This HowlRound post made me feel more “understood” as a playwright than anything I’ve read in a long, long time. Please go read it and get to know me better. And then, if you want to know more, come back and read on.
I’ve read it twice now. The first time, I was so compelled by the beginning that I read the whole thing in snippets on my phone while building these enormous towers of blocks for my 21 month-old son to knock down. (Talk about disrupting narratives!) The second time, I read it more contemplatively, increasingly overcome by a sense of feeling deeply understood as a playwright, for which I cannot thank Polly Carl enough.
Stories serve so many different functions in human cultures. Some of those functions are, I think — whether we’d like to admit it or not — conservative. They conserve knowledge; they solidify or embody what we already (generally and widely) know about the world; they encode traditions; they teach us about (relatively) unchanging (or only very slowly changing) aspects of being human. And these are all, to some extent, useful functions.
Taken to an extreme, however, these conservative narratives tend to deify or cement certain worldviews and ideas. They begin to urge us to stop thinking or questioning. They reaffirm predispositions and prejudices and errors in judgment and outdated moral stances. They become stale. Even dead. For me, at least, the dysfunctional narratives Polly refers to fall into this category.
It is against these dysfunctional stories that disruptive narratives need to be set. Their purpose, at least to me, is sabotage and revolution. Where dysfunctional stories act like sedatives, disruptions are more like psychedelia: they liberate and reinvigorate the mind, setting the consciousness of those who encounter them whirling. They make us see things we haven’t seen and that we cannot un-see. Though I hate to use this word, because it’s been thoroughly “dysfunctionalized” itself, they are transformative.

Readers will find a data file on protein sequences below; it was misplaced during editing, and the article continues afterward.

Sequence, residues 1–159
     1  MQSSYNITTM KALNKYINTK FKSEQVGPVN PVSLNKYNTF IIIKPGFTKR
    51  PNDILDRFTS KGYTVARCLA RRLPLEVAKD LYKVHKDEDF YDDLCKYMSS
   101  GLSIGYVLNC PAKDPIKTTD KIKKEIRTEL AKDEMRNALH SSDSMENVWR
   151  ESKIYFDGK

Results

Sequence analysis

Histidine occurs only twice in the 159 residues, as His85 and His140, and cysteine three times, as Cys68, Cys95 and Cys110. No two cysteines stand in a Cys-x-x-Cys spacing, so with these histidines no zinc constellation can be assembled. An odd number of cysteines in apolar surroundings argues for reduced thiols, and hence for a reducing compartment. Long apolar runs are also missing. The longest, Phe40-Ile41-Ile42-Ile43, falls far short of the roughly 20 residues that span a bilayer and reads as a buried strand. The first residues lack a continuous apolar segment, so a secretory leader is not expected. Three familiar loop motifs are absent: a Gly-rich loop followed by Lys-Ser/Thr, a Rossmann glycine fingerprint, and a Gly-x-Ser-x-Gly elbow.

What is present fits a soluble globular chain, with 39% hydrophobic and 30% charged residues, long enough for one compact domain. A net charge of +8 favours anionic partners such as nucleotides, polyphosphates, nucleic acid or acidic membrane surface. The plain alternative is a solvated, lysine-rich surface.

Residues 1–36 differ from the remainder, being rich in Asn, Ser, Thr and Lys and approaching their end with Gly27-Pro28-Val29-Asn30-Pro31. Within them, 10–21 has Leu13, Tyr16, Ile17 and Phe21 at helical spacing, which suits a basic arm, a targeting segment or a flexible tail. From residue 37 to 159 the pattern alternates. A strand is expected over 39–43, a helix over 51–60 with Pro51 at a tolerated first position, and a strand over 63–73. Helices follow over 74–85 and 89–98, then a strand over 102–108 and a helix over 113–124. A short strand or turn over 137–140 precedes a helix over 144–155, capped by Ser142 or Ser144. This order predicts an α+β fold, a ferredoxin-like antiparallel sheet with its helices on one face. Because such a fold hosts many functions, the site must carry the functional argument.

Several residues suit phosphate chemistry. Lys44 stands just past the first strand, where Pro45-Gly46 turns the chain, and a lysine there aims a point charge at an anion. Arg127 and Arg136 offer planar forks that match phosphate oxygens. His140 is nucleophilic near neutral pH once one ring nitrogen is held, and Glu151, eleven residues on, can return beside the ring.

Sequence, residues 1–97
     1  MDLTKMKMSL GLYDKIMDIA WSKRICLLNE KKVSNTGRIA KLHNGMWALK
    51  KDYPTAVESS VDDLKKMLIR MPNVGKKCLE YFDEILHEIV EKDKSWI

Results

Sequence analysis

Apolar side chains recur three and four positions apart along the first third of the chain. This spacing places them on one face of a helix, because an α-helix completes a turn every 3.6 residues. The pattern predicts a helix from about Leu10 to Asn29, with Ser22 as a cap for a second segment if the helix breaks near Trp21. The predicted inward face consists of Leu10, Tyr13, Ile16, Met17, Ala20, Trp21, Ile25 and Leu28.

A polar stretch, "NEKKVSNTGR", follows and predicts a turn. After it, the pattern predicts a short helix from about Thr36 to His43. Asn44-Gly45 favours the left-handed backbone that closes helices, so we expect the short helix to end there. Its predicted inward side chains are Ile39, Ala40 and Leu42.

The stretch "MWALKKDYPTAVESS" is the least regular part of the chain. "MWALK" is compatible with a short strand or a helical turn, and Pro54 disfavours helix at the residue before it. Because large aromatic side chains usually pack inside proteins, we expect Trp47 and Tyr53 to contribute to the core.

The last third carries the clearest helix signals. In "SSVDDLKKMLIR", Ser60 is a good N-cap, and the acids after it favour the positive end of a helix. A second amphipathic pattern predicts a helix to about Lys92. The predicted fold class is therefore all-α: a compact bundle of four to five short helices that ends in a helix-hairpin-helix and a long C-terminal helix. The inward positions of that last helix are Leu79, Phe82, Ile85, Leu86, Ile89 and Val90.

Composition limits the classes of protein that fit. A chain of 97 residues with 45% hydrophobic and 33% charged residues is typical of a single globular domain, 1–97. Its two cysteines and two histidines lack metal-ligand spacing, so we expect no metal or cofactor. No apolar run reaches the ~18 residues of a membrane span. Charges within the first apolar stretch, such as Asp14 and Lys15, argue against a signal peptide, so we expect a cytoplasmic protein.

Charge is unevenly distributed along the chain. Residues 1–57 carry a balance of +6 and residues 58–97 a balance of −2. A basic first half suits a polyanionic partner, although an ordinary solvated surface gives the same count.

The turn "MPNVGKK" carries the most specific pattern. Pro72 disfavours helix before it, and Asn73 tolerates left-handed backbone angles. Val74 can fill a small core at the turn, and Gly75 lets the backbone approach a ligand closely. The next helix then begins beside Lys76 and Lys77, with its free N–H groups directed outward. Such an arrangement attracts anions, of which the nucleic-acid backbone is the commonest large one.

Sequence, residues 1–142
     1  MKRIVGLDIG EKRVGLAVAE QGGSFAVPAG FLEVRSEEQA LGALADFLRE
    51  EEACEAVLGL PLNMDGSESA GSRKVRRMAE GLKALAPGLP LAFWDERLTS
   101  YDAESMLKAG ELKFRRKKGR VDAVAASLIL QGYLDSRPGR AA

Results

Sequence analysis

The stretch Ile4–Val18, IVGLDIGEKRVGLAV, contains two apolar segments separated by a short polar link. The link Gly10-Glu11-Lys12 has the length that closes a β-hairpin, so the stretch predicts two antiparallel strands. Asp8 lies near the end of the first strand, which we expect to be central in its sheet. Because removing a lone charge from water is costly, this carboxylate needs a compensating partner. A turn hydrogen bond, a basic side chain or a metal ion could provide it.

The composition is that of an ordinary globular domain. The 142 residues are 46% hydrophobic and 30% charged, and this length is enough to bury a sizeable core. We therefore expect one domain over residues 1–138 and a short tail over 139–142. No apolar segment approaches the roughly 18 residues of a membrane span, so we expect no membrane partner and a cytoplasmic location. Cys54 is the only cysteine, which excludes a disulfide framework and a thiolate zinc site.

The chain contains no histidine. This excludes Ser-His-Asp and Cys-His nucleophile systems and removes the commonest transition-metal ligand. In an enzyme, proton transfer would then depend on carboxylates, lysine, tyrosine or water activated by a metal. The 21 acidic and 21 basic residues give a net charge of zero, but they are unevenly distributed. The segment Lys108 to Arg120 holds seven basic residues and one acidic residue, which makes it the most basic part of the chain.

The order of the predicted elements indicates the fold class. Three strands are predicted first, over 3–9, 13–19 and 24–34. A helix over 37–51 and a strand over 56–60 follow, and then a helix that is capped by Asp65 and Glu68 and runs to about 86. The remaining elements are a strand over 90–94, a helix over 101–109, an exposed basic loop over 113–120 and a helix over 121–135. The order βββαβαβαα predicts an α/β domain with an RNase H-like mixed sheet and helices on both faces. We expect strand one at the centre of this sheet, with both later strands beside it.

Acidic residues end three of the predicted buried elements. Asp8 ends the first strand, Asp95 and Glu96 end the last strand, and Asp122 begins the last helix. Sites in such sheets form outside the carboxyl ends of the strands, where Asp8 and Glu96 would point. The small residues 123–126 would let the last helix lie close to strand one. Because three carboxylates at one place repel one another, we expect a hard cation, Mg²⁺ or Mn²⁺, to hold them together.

But all that’s very unsettling for people. It’s like having your emotional and intellectual apple cart upset, which people naturally tend to resist. That resistance explains (at least to my satisfaction) why we do our utmost to avoid creating and producing too many disruptive narratives. We’re afraid that we’ll all utterly lose our centers and that civilization will completely fall apart. So we don’t fund or support or create the spaces from which disruptive narratives can emerge. We do our level best to suppress them: even us, the creatives of the world! We throw our efforts into conservation because, well, people will more readily pay us for it. I just wish we wouldn’t go SO far in that direction.
This problem is especially different here in DC. In a town that’s thoroughly drenched in power and authority (and the desire for both), we are terrified of all forms of disruption… which is why, I believe, we need it even more. In the 1980s, the punk scene here understood this, and it thrived for a good long while. (It still lives, in fact, to some degree.) I want theater in my city to find the same sort of truth-to-power (or “lit match”-to-power) energy. I try to write the sort of plays that will disrupt whatever I can possibly disrupt. It’s crazy-making at times — one’s own brain can only handle so much of it — but I can’t imagine doing anything else.
Note: I submitted a version of what I’ve written above as a comment on the post, if you’d rather continue the discussion there.